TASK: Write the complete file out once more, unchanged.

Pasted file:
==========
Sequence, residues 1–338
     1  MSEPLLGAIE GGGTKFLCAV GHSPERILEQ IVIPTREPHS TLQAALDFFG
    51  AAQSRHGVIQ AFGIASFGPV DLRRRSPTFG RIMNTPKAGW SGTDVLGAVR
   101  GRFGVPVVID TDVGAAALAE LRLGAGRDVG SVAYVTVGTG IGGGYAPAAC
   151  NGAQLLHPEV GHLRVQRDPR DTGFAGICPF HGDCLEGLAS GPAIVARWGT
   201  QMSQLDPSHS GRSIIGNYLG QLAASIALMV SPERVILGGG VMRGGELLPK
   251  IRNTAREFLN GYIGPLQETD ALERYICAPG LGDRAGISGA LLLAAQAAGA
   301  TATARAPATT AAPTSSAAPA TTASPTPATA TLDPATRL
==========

Sequence, residues 1–338
     1  MSEPLLGAIE GGGTKFLCAV GHSPERILEQ IVIPTREPHS TLQAALDFFG
    51  AAQSRHGVIQ AFGIASFGPV DLRRRSPTFG RIMNTPKAGW SGTDVLGAVR
   101  GRFGVPVVID TDVGAAALAE LRLGAGRDVG SVAYVTVGTG IGGGYAPAAC
   151  NGAQLLHPEV GHLRVQRDPR DTGFAGICPF HGDCLEGLAS GPAIVARWGT
   201  QMSQLDPSHS GRSIIGNYLG QLAASIALMV SPERVILGGG VMRGGELLPK
   251  IRNTAREFLN GYIGPLQETD ALERYICAPG LGDRAGISGA LLLAAQAAGA
   301  TATARAPATT AAPTSSAAPA TTASPTPATA TLDPATRL